Tibetan Custom & Culture
Tibetan culture developed under the influence of a number of factors. Contact with neighboring countries and cultures- including Nepal, India and China - have influenced the development of Tibetan culture, but the Himalayan region's remoteness and inaccessibility have preserved distinctive local influences. Buddhism has exerted a particularly strong influence on Tibetan culture since its introduction in the 7th Century. Art, literature, and music all contain elements of Buddhist religion, and Buddhism itself has adopted a unique form in Tibet, influenced by the Bön tradition and other local beliefs. Tibet's specific geographic and climactic conditions- its altitude, short growing season, and cold weather- have encouraged reliance on pastoralism, as well as the development of a different cuisine from surrounding regions.
In Tibet there are many interesting customs and cultures which have been followed by the Tibetan people from the time of their civilization. Below you will find a variety of culture and customs performed by Tibetan people.
Present hada is a common practice among the Tibetan people to express their best wishes on many occasions, such as wedding ceremonies, festivals, visiting the elders and the betters, and entertaining guests. The white hada, made of grege silk, embodies purity and good fortune.
Proposing a Toast and Tea
Proposing a Toast and Tea When you come to a Tibetan family, the host will propose a toast, usually barley wine. You should sip three times and then drink up. To entertain guests with tea is a daily etiquette. The guest has not to drink until the host presents the tea to you.
Meeting and Greeting
In Tibet although this custom is vanishing, it is still regularly used. You will see Tibetans removing a hat and bowing when encountering a friend or a colleague. However, if the person he meets is an official, a senior, or a highly respected person, a Tibetan person lowers his hat as much as possible when he bows. The other person should show exactly the same courtesy in return.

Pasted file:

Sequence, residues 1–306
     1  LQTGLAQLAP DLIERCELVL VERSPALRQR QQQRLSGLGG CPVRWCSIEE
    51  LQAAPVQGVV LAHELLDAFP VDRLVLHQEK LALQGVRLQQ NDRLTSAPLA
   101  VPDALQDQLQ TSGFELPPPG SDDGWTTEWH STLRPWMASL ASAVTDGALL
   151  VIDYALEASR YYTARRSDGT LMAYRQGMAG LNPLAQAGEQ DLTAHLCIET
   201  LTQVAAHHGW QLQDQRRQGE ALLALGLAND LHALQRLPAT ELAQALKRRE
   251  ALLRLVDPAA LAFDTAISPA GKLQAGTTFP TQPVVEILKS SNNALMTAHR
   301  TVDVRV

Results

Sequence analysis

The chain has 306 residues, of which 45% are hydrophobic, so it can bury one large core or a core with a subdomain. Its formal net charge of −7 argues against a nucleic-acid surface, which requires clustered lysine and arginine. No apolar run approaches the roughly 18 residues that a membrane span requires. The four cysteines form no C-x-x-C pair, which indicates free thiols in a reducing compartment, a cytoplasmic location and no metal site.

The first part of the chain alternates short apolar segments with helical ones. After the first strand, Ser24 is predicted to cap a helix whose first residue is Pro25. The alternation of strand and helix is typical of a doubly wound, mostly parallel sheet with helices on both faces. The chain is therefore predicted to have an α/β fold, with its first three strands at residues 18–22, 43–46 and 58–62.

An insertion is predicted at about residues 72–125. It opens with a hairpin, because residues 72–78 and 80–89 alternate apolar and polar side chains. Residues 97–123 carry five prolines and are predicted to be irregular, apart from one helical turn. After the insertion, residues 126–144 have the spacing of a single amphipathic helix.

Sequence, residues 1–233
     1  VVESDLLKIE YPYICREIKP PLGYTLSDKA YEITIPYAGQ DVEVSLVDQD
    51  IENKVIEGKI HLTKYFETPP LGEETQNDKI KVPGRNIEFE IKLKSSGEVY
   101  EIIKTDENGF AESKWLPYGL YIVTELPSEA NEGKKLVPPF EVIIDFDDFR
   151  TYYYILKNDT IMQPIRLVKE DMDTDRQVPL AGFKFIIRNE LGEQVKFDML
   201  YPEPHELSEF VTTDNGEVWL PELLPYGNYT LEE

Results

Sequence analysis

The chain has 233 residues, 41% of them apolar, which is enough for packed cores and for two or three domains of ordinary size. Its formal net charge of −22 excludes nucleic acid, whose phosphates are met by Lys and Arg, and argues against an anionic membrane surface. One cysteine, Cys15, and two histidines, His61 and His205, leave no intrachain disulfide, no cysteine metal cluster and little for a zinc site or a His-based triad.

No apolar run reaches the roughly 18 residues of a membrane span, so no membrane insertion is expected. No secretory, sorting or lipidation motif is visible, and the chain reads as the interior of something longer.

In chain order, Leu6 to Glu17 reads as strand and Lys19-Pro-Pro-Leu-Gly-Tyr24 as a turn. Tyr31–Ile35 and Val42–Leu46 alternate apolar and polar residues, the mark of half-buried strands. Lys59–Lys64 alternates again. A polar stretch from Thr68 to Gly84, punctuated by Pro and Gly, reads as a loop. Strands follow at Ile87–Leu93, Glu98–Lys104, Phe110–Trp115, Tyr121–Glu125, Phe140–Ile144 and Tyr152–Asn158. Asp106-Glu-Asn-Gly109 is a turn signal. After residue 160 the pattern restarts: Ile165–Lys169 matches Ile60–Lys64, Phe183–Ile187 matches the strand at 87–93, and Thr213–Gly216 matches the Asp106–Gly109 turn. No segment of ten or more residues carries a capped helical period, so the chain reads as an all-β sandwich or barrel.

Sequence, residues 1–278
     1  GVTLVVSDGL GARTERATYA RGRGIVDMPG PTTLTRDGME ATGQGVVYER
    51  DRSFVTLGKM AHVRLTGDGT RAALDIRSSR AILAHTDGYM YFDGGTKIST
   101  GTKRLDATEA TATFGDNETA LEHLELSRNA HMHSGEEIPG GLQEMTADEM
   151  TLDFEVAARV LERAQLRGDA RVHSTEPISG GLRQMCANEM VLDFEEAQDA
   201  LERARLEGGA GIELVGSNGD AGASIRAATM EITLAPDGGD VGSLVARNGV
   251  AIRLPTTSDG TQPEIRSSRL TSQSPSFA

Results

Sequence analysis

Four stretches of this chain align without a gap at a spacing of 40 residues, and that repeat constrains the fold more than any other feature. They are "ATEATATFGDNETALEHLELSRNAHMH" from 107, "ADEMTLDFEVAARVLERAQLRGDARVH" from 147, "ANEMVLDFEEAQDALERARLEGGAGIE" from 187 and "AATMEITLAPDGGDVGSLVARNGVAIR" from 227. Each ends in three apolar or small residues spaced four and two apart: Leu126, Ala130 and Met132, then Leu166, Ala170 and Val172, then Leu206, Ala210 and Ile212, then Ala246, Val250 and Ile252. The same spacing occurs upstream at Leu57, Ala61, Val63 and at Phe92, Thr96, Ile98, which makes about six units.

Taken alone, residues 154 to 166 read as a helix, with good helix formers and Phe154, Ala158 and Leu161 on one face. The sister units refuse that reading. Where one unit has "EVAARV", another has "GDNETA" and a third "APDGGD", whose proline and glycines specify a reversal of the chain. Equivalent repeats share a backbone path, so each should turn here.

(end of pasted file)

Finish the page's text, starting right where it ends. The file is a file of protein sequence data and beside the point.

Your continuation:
Being a polite Host or Guest
Tibetan people always allow the guest be first while talking or walking. People must sit cross-legged as it is very uncouth to place your legs so that the soles of your shoes or feet point towards other people.
In Tibet you will find one of the family's children pouring a bowl of yak butter tea for the guest. The guest must wait quietly until the host carries and presents the bowl of tea with both hands and the guest takes the tea from the host in the same manner. Then, he can enjoy the tea and conversation. As a polite guest, one does not empty his bowl as a never empty bowl signifies lasting profusion. The host will add more tea to your bowl to ensure that it is never empty.
Presenting Khatag, is very popular culture in Tibet. People offer Khatag when they visit parents, worship the Buddha, see somebody off, welcome someone home, and so on. While offering the Khatag the presenter makes a little bow and the receiver accepts it with both hands held in front of them and immediately puts it on around his neck and wears it. However, when presenting Khatag to seniors, the two arms should be raised up above the head. When presenting a Khatag to people of the same age or younger, the presenter can tie the Khatag directly to their necks. It is remarkable that some Tibetans even take a Khatag with them when they go out in case that they meet friends or relatives; and some Tibetans even seal Khatag in letters so that they can send their very best wishes. This custom is most popular in Tibet where all of the people follow it interestingly.
Tibetans are extraordinarily courteous and have rules governing their relationships. In Tibet polite language is widely used all over the country. Tibetans use it when they are addressing seniors, people with higher social status or people of the same age and same status. If they call someone, they will add 'la' after the name to show their respect. Some Tibetans still suppose that photos can steal their soul and Tibetan people dislike taking pictures of people without their permission.
When Tibetans worship the Living Buddha, stupas and pagodas, devoutly, they raise their hands together high above their heads, take one step forward, lower their hands to the height of their forehead, take another step forward, lower their hands before their chest and take a third step forward. Then they kneel down and stretch themselves out upon the ground. After arising, they repeat this process. While they are performing prostrations, they chant sacred words, usually: Om Mani Padme Hum. Many pilgrims spend several years traveling from other provinces to Tibet performing prostrations each and every step of the way. Even though some people have died while on the road, it is never considered a pity as having traveled toward Tibet in this manner is a lifelong respect.